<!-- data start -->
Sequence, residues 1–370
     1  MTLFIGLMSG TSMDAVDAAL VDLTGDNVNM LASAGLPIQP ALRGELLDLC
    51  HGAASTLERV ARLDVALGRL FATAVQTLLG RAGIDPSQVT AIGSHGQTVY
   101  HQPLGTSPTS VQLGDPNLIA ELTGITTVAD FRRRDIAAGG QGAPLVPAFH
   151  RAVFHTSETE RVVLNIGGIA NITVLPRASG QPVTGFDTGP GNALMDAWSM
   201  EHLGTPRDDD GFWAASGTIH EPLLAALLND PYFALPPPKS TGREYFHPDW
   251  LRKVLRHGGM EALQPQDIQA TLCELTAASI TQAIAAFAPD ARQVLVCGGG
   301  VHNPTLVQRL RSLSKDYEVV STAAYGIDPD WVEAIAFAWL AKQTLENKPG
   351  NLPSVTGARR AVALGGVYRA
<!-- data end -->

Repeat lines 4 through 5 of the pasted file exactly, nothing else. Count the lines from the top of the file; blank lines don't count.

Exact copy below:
   101  HQPLGTSPTS VQLGDPNLIA ELTGITTVAD FRRRDIAAGG QGAPLVPAFH
   151  RAVFHTSETE RVVLNIGGIA NITVLPRASG QPVTGFDTGP GNALMDAWSM